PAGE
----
US Could Fall to Far-Right Dictatorship by 2030, Political Scientist Warns

© REUTERS / Jim BourgA view of the White House in Washington, U.S. January 18, 2021.
A view of the White House in Washington, U.S. January 18, 2021. - Sputnik International, 1920, 03.01.2022
A prominent Canadian political scientist, Thomas Homer-Dixon, has written an op-ed postulating that the US is headed toward becoming a far-right dictatorship, and it could be in place as early as 2025.
Homer-Dixon has studied violent conflict throughout his career and believes the US is on its way toward a serious internal conflict that could give rise to a right-wing dictatorship.
“By 2025, American democracy could collapse, causing extreme domestic political instability, including widespread civil violence. By 2030, if not sooner, the country could be governed by a right-wing dictatorship,” Homer-Dixon writes.
Detailing a “political and social landscape flashing with warning signals,” Homer-Dixon believes that the supporters of former US President Donald Trump could act as a wrecking ball to American democracy, adding that a political climate conducive to the collapse of American democracy has been building for decades.

The academic recounts anecdotally how in the 1980s he would listen to conservative radio personality Rush Limbaugh chisel away at “the moral authority of US political institutions.” In the following decades, those blows, according to him, have “amplified through social media and outlets such as Fox News and Newsmax.”

Homer-Dixon views Trump’s awarding in 2020 of the Presidential Medal of Freedom to Limbaugh as both a symbolic and practical embrace of “bullying, populist white ethnocentrism – a rancid blend of aggrieved attacks on liberal elites, racist dog-whistling, bragging about American exceptionalism and appeals to authoritarian leadership.”
The political scientist doesn’t hold Limbaugh solely responsible for the current American political landscape, also noting a long track record of distrust in government that dates back to the country’s founding.
Economic factors have played a sizable role in creating an environment ripe for social upheaval, he suggests, observing that over the past five decades the US economy has shifted from manufacturing to service, information and finance.

“Economic insecurity is widespread in broad swaths of the country’s interior, while growth is increasingly concentrated in a dozen or so metropolitan centres,” writes Homer-Dixon.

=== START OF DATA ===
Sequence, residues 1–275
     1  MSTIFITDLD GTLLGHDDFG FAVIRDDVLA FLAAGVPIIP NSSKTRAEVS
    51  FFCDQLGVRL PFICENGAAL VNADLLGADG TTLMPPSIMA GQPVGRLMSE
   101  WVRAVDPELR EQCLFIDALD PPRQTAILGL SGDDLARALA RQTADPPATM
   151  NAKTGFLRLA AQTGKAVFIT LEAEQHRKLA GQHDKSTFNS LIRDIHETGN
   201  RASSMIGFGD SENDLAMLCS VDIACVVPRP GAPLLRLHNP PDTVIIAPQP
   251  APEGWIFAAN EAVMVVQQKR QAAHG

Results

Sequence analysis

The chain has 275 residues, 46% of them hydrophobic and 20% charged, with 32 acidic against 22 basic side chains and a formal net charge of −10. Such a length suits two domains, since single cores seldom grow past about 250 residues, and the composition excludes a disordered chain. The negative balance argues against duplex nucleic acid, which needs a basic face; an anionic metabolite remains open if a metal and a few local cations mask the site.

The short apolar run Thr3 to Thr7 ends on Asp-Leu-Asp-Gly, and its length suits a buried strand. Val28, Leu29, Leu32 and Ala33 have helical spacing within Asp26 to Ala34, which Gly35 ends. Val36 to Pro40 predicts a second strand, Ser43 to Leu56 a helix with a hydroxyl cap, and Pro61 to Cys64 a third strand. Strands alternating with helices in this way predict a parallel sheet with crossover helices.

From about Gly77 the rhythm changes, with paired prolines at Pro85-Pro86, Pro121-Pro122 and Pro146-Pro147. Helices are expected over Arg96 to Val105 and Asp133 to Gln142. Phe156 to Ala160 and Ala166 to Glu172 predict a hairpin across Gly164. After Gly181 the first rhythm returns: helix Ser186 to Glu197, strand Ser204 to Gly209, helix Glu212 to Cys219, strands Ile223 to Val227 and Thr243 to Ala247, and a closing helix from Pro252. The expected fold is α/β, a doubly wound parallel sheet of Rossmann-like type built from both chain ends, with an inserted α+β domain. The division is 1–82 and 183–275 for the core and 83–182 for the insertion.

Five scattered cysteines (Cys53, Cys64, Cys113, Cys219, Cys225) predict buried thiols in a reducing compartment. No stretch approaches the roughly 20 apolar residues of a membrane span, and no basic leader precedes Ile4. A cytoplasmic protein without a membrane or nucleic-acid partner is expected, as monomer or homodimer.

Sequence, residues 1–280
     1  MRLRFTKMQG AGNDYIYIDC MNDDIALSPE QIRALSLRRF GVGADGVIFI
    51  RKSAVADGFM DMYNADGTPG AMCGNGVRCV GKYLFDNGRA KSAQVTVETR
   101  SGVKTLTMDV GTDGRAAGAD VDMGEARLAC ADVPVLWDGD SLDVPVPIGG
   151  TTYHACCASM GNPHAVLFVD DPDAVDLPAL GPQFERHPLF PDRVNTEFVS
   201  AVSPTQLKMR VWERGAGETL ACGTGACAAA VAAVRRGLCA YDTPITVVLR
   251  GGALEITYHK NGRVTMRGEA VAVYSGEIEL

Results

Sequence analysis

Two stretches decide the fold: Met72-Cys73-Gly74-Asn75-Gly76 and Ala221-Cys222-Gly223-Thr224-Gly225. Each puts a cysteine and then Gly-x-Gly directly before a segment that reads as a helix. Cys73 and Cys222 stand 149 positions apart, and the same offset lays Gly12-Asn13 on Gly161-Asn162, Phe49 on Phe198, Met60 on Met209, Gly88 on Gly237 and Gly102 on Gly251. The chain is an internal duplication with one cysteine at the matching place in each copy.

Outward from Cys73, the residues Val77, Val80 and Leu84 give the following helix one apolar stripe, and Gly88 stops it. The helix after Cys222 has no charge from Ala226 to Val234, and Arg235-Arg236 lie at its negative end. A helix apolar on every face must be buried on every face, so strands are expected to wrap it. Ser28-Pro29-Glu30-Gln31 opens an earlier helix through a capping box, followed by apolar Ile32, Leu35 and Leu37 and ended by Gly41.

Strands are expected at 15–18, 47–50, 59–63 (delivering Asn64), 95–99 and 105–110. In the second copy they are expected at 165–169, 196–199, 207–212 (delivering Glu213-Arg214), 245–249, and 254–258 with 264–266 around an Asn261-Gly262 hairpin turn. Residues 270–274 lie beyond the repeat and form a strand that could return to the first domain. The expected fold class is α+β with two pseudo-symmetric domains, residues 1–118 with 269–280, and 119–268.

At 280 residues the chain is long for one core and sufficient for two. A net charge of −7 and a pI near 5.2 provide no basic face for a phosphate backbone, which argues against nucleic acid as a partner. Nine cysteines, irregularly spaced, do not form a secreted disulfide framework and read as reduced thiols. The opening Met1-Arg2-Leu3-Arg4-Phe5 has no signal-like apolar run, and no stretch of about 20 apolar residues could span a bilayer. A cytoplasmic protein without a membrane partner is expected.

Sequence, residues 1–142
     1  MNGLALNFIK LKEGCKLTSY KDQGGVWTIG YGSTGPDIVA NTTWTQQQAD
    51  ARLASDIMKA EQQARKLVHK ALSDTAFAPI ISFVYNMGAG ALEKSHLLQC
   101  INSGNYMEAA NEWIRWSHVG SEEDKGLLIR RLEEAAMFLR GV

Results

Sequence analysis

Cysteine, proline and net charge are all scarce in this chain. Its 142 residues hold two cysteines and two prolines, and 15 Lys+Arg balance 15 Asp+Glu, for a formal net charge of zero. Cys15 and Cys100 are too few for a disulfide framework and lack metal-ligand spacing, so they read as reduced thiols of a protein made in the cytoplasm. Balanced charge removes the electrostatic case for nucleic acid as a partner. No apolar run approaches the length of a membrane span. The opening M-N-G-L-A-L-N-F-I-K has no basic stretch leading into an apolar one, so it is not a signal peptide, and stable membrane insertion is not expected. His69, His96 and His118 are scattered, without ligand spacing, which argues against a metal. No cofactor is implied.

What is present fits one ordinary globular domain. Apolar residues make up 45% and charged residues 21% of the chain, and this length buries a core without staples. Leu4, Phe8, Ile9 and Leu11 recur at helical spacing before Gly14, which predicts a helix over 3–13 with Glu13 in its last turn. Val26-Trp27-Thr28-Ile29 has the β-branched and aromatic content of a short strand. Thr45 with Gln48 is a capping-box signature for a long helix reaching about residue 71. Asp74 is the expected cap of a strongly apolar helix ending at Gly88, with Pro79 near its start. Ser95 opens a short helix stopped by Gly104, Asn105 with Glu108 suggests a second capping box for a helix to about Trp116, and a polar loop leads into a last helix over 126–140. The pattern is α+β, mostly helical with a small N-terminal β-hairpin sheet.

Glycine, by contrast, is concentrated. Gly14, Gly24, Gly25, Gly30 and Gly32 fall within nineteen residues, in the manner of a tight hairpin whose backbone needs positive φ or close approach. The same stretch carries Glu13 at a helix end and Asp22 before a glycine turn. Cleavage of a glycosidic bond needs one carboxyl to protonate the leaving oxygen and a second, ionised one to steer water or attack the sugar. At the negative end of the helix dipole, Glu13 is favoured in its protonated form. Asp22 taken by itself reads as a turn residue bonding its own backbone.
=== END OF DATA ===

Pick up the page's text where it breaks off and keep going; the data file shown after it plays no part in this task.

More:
Homer-Dixon also points to how the wealthiest Americans, using their influence, have contributed to the creation of a nation ripe for distrust in the government.
“The wealthy and powerful in America are broadly unwilling to pay the taxes, invest in the public services, or create the avenues for vertical mobility that would lessen their country’s economic, educational, racial and geographic gaps. The more an under-resourced government can’t solve everyday problems, the more people give up on it, and the more they turn to their own resources and their narrow identity groups for safety.”
The combination of rapid changes to the economy, to social mores, and in demographics, coupled with a government financially constrained to provide services for its neediest creates a perfect environment for distrust in the government, according to Homer-Dixon.
He believes the Republican party has capitalized and fanned these insecurities to gain political power at the expense of democracy.
Homer-Dixon points to Trump’s baseless claims that the 2020 presidential election was stolen as a “potent anti-democratic poison.” By making the embrace of the so-called "Big Lie" a “litmus test of Republican loyalty,” the party is now “one step away from the psychological dynamic of extreme dehumanization that has led to some of the worst violence in human history.”
The “win at all costs” mentality that engulfs the Republican party, according to Homer-Dixon, is fueled by “a moral crusade against evil” as Democrats purportedly stealing elections makes the latter deserving of punishment or worse.
A second Trump presidency could lead America from a Democracy to a far-right dictatorship, Homer-Dixon fears.
When the academic asked other political experts what a second Trump presidency could accomplish,“all agreed that under a second Trump administration, liberalism will be marginalized and right-wing Christian groups super-empowered, while violence by vigilante, paramilitary groups will rise sharply.”
He describes five similarities between the current political climate in the United States and that of 1920s- and 1930s-era Germany on the eve of the Nazi party’s power grab.

“First, in both cases, a charismatic leader was able to unify right-wing extremists around a political program to seize the state. Second, a bald falsehood about how enemies inside the polity had betrayed the country – for the Nazis, the 'stab in the back,' and for Trumpists, the ‘Big Lie’ – was a vital psychological tool for radicalizing and mobilizing followers. Third, conventional conservatives believed they could control and channel the charismatic leader and rising extremism but were ultimately routed by the forces they helped unleash. Fourth, ideological opponents of this rising extremism squabbled among themselves; they didn’t take the threat seriously enough,…the fifth parallel is the most disconcerting: the propagation of a ‘hardline security doctrine,’” Homer-Dixon writes.

The opinion piece further offers advice on how Canada, America’s northern neighbor, should prepare for the possibility of the collapse of US democracy and the rise of a right-wing dictatorship.
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